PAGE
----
If someone had a behind-the-scenes pass to observe your writing process what would they see?
"I tend to binge write, where I sit down and crank out 5k at a time, usually at night. It’s mostly just me, planted on the couch with my MacBook Air, fingers flying and ignoring the world. My husband once stopped me and said, 'I don’t understand how you’re coming up with anything that actually makes sense over there.' Well, sometimes it doesn’t, but at least it’s words on a page that I can start revising!" - Lauren Morrill, author of Meant to Be.
"Many hours of near-motionless longhand page-filling. Occasional forays to the kitchen for carrots, crackers and peppermint tea, or to throw out one empty biro and pick up another. The left side of my hair becoming more and more disheveled as I pause and scratch my head for inspiration. I think the watcher would fall asleep fairly smartly." - Margo Lanagan, author of The Brides of Rollrock Island.
"General sadness. No. My process is something I’m working on. The other day I wrote from 11 in the morning to 9 at night. But some days I look at stuff on the internet all day. Right now I’m trying to cut the internet out of the process. It’s so easy to tab over to some interesting article when a scene gets difficult." - Dan Krokos, author of False Memory.
"It would make the world's most excruciating reality show. The player wakes up early. Often by 4:30 a.m., but certainly before sunrise. And, strangely, she does not use an alarm. She just … gets up. Puts on a hideous bathrobe that reminds her ever so much of the one her grandmother wore. She makes coffee. She sits down at her computer and writes as the sun rises behind her. She tells her children to go back to bed several times. Seriously, though, there is a lot of time spent at the keyboard. I do like to outline, write, outline some more, and sweat my way through a draft. The first draft is by far the hardest part. I outline to remove as much doubt and fear as possible, but I'm not the kind of person who can figure the whole thing out without spending some time figuring out the voices of the characters, and I do this by putting them in interesting situations that I suspect will be in the book. I have a great group of friends who are willing to read drafts (including my agent). And I just keep working until I can't." - Martha Brockenbrough, author of Devine Intervention.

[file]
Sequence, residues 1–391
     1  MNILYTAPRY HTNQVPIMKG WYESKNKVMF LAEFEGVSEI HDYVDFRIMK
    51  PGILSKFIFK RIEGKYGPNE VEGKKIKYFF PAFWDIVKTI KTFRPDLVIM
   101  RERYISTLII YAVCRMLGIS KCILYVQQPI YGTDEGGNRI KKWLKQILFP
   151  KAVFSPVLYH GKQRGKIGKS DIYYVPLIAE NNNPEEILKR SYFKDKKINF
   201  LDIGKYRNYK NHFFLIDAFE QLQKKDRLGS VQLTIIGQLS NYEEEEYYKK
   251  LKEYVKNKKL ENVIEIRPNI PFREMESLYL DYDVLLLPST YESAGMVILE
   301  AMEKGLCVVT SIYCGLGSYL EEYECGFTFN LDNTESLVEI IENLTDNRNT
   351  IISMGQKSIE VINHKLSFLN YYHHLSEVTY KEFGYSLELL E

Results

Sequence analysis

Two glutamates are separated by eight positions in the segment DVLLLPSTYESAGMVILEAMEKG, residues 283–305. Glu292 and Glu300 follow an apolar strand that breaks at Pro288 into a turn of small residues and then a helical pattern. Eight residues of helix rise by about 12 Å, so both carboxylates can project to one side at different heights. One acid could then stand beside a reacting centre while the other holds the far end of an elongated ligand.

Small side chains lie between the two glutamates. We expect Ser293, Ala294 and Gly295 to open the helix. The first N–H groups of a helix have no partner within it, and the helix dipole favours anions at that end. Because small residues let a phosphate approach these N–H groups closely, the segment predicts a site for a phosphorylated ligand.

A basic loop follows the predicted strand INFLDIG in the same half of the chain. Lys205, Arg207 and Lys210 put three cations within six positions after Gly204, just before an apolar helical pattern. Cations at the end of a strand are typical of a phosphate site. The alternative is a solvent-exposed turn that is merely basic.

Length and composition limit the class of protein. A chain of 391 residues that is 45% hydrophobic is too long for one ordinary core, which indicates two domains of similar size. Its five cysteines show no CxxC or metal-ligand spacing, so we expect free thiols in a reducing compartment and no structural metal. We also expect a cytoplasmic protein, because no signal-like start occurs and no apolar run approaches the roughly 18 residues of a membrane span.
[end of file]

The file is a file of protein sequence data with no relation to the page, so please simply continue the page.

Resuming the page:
"A lot of sitting around. Stops and starts. Digression to research. Cups and cups of green tea, coffee, and occasionally red wine. More than one day where I doubt myself. And then the glorious day when I think it's working. Followed by a revision letter from agent, weeping, chocolate, and a repeat of the above." - Joy Peble, author of Anastasia Forever.
"They’d probably be bored out of their minds. I sit. I ponder. I type. I sip a beverage…Occasionally, I pet a cat." - Greg Leitich Smith, author of Chronal Engine.
"A lot of funny faces -- I have a tendency to mimic my characters' expressions as I write them. It's a little awkward when I'm writing in a coffee shop." - Kirsten Hubbard, author of Wanderlove.
"Just a bunch of chaos. It's not like I have any schedule whatsoever. My desk is cluttered with paper and junk and My Little Ponies and Barbie stuff. Every once in awhile I find a few minutes to write stuff down. Rarely." - Cyn Balog, author of Touched.
"There’s me and a laptop and lots of typing, then staring out the window, then more typing. Once the first draft is born, things start getting interesting. Revision for me involves lots of different kinds of paper, and pens and markers in a rainbow of colors. I use post-it notes on sheets of foam board to lay out my books chapter by chapter, I make mind maps on huge sheets of artist’s drawing paper to get a handle on particular plot problems or confusing relationships, I outline, sometimes by hand, sometimes on the computer. Then I start my second draft, often from a blank page." - Dayna Lorentz, author of No Safety in Numbers.
"It would be dull, like watching a coffee maker percolate. You might be better off watching my brother – he sells insurance and sometimes interesting people walk through the door." - James Preller, author of Before You Go.
"They’d see me with my hair up in a messy bun as I sit on the front porch in a tank-top and holey jeans while staring blankly at my computer for hours. Occasionally I do type. Unfortunately, when I’m writing, I’m pretty boring." - Katie McGarry, author of Pushing the Limits.
"For Love and Leftovers, they would have seen me jotting down words from song lyrics, audio books, and poems on whatever piece of paper I could find at the moment. I used these to inspire my writing. Then I handwrote my poems in notebooks, and later typed into Word (totally out of order.) From there, I made a stack of 3 x 5 cards with one poem title on each card and shuffled them into chronological order to create the story. After that, they’d see me rewriting and filling in blanks." - Sarah Tregay, author of Love and Leftovers.
Stop by Thursday to find out what you'd see if you could go behind the scenes while the rest of the authors are writing!